Music has been known as a universal language. Every culture values the making and appreciation of music. It also provides healing power to those who suffer from certain health conditions. For example, music may improve cognitive function in stroke patients and those who suffer from dementia. In the field of addiction recovery, music therapy has been recognized as being therapeutic in helping improve emotional and mental health.
Music Therapy and the Brain
Brain research shows that music therapy can stimulate specific cerebral circuits of the brain. As shown in brain imaging, when listening to music, the right hemisphere is activated, and this part of the brain is associated with emotional experiences. The good thing about music therapy is that it provides a non-invasive technique of therapeutic value.
Many people with substance addiction may develop co-occurring mental health issues such as anxiety and depression. These mood disorders and depressive episodes can be alleviated by music therapy. Plenty of research has indicated the effectiveness of musical interventions on neurological disorders. They improve social and psychological outcomes such as better mood and interests in socialization.
Benefits of Music Therapy in Recovery
After detoxification, a recovering individual might lose the joy he or she used to have. Combining music therapy with other traditional forms of therapy can help increase the release of natural endorphins, making it easier to cope with depressed moods. Some treatment facilities that use music therapy select a certain type of music that is more therapeutic. These are music pieces or songs that have an overall better effect on people due to their strong melodies and soothing lyrics. Some music therapists tend to be generalists favoring all styles of music.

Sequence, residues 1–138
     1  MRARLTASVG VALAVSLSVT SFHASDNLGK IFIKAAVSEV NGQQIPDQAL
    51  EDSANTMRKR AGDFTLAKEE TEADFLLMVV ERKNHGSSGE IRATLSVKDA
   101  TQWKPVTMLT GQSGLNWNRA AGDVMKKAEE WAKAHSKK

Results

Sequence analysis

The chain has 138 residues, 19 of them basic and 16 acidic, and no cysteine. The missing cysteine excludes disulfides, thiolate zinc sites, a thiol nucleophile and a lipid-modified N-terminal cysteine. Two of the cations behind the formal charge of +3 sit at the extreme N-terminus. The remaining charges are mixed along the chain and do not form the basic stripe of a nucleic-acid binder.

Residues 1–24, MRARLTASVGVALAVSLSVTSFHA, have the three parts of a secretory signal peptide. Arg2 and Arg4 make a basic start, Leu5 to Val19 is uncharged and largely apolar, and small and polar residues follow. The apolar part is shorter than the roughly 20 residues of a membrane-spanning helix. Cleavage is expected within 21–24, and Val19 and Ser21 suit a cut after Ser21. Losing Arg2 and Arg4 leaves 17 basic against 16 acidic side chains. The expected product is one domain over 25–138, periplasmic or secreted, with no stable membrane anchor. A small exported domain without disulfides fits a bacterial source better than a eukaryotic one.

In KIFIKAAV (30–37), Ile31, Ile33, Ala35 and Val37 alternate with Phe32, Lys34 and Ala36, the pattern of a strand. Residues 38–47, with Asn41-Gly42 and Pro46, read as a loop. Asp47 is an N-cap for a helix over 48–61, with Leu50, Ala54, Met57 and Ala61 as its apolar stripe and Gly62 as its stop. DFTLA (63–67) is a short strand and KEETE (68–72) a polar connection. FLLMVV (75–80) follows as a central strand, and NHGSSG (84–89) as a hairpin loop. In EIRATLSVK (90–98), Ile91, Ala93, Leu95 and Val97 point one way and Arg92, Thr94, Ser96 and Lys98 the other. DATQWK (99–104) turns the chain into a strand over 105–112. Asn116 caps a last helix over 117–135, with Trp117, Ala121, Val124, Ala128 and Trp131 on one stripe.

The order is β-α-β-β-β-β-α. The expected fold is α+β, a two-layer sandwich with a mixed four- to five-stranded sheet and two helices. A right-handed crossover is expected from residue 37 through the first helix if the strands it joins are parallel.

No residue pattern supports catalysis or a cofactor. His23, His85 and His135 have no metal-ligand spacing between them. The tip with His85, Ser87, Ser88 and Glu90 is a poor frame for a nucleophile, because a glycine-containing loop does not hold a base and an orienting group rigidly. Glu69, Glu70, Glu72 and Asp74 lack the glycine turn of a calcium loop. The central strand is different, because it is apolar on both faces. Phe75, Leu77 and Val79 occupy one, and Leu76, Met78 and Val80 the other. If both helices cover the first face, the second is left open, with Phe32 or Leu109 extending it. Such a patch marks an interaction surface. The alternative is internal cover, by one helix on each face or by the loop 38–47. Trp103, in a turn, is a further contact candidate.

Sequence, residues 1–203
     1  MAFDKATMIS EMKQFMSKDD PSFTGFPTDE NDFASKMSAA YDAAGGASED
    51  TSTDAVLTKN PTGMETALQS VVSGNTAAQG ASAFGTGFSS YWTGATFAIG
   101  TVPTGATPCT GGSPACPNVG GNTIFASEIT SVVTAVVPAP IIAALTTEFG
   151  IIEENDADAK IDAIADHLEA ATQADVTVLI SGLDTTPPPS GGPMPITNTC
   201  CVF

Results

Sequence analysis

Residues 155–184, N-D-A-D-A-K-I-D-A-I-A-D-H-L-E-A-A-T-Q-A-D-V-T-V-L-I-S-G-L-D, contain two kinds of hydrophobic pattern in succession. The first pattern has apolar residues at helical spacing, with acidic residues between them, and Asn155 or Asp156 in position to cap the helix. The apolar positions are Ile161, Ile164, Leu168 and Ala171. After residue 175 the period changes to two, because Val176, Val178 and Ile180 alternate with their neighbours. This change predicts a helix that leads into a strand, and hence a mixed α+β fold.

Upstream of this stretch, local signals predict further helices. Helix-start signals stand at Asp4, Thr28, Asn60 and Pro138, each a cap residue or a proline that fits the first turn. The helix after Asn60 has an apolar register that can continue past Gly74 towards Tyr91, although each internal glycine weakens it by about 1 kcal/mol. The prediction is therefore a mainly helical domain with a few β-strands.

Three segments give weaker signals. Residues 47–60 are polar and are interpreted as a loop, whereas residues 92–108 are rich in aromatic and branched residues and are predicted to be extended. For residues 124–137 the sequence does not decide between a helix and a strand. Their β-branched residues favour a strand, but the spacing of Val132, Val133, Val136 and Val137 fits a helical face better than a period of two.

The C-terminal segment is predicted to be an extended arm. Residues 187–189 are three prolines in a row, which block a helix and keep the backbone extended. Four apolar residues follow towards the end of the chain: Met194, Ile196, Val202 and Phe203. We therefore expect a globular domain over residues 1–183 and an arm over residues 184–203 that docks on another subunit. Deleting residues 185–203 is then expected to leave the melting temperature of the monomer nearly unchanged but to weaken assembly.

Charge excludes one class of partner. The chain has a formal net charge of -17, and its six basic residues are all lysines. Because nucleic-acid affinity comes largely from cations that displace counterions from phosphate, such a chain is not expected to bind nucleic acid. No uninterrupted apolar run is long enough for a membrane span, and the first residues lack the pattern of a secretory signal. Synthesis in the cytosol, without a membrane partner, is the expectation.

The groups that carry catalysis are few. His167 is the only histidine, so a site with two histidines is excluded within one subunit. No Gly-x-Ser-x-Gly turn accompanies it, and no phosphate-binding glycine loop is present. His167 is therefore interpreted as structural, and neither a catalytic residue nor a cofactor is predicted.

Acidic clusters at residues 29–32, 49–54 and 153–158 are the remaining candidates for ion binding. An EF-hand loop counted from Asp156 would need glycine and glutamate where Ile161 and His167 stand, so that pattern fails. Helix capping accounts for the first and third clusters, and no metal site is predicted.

Apart from improving emotional and mental well-being, music therapy has a range of benefits on the body. It can boost the immune system by increasing levels of the antibody immunoglobulin A while lowering the level of stress hormones (cortisol). It may sometimes even lower pain levels in certain people and lower the use of painkillers.
Working with A Music Therapist in Recovery
Music therapists conduct assessments as well as perform the treatment. They begin with assessing your emotional well-being, physical health, social functioning skills, cognitive abilities, and communication capacity. Then they design music sessions based on these needs. These sessions may include music improvisation, receptive music listening, song composition, lyric meditation, imagery, music performance, and bodily movement. Evaluation for these music therapy sessions tends to be ongoing because that allows music therapists to follow up and adjust.
Music therapists are people who have certain education qualifications (such as college music therapy curricula) and are eligible to sit for the national examination offered by the Certification Board for Music Therapists. There is ongoing research to support their work through publications such as the Journal of Music Therapy and Music Therapy Perspectives. Music therapists may work in various settings including rehabilitative facilities, outpatient clinics, psychiatric hospitals, and community mental health centers.